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ARS Home » Midwest Area » Peoria, Illinois » National Center for Agricultural Utilization Research » Mycotoxin Prevention and Applied Microbiology Research » Research » Publications at this Location » Publication #336545

Research Project: Genomic and Metabolomic Approaches for Detection and Control of Fusarium, Fumonisins and Other Mycotoxins on Corn

Location: Mycotoxin Prevention and Applied Microbiology Research

Title: Genomics and evolution of secondary metabolism in Fusarium

item Proctor, Robert
item Kim, Hye-Seon
item Brown, Daren

Submitted to: Meeting Abstract
Publication Type: Abstract Only
Publication Acceptance Date: 3/19/2017
Publication Date: N/A
Citation: N/A

Interpretive Summary:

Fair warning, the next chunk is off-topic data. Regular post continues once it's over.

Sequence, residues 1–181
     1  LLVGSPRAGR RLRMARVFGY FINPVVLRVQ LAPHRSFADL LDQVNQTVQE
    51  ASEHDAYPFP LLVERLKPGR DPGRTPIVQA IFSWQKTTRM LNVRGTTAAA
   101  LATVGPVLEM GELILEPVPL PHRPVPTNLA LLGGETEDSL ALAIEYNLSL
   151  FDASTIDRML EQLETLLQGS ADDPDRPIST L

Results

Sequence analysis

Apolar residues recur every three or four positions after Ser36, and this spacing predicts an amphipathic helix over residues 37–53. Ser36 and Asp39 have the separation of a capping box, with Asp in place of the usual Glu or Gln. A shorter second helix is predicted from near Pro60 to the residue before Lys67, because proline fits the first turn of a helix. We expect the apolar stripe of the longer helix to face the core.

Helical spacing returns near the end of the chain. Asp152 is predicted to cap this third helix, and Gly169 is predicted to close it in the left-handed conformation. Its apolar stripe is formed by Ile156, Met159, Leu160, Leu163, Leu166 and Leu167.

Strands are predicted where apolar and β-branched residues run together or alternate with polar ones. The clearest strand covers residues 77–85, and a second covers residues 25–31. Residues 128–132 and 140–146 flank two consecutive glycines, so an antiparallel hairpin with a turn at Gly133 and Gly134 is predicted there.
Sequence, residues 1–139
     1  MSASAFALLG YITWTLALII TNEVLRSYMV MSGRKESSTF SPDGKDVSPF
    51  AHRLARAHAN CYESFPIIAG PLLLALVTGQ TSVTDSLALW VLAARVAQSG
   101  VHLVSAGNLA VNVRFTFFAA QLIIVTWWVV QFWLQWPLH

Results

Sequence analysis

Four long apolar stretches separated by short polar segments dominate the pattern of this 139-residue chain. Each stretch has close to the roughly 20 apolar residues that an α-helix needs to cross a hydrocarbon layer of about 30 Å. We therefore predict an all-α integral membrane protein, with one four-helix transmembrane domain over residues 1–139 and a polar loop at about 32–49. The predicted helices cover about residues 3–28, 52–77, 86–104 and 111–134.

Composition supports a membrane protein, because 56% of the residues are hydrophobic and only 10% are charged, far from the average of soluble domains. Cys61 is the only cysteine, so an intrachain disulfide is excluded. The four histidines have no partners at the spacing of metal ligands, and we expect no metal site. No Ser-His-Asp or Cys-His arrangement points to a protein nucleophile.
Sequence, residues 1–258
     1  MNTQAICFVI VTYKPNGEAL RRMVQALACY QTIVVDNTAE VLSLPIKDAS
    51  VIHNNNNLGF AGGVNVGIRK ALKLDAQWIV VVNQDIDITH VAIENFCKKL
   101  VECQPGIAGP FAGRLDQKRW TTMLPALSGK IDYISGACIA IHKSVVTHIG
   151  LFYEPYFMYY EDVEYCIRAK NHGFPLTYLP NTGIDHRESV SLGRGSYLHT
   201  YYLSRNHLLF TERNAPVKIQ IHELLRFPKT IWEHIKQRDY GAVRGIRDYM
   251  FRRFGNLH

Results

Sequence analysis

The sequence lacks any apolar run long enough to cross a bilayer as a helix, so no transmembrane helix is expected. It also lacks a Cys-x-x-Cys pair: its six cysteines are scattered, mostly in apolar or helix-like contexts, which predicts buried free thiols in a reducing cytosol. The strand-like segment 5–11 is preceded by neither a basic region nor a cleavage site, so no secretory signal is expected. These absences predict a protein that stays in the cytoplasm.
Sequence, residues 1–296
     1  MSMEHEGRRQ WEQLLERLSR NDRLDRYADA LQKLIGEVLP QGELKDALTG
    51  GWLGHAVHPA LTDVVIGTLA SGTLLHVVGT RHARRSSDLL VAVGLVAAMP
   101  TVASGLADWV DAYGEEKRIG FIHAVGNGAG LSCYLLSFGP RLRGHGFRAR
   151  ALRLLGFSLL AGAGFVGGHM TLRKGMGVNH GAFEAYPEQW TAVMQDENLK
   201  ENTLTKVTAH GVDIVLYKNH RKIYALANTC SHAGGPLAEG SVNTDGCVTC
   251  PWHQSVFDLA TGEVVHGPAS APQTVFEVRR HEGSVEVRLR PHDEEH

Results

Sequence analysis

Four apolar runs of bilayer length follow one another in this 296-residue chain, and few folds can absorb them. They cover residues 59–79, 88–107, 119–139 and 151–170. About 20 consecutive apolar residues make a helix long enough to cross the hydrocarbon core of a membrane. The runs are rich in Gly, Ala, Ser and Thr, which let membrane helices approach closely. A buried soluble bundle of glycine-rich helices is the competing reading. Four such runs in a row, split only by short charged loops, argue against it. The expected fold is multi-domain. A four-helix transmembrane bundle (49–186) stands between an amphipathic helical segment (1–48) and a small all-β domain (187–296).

Technical Abstract: Fusarium is a species-rich genus that causes disease on virtually all plant crops and produces diverse secondary metabolites (SMs), including pigments, plant hormones, and some of the mycotoxins of greatest concern to food and feed safety. To better understand the potential SM diversity in Fusarium as well as the distribution and evolution of SM biosynthetic genes, we have assessed the presence and absence of known and novel SM biosynthetic genes and gene clusters in genome sequences of >200 isolates representative of 24 lineages (species complexes) of Fusarium. AntiSMASH analysis indicates that 1.1 – 6.4% of the genes in Fusarium genomes are involved in secondary metabolism, and that collectively Fusarium species have the genetic potential to produce hundreds of structurally distinct families of SMs, including analogs of multiple SMs described in other fungi. Fusarium SM clusters exhibit marked variation in distribution within and among species complexes: some are present in almost all members of all species complexes; others exhibit largely continuous distributions within one or several complexes; and others exhibit discontinuous distributions within one or more complexes. Phylogenetic analyses indicate that vertical inheritance, horizontal transfer, and gene loss have been major contributors to the current distribution of SM clusters among Fusaria, but that recent duplication events have contributed little to the current distribution of clusters. Further, if the ancestral Fusarium had a similar number (26 – 68) of SM gene clusters as extant species, hundreds of horizontal transfer and loss events would be necessary to account for the current diversity and distribution of SM gene clusters in Fusarium.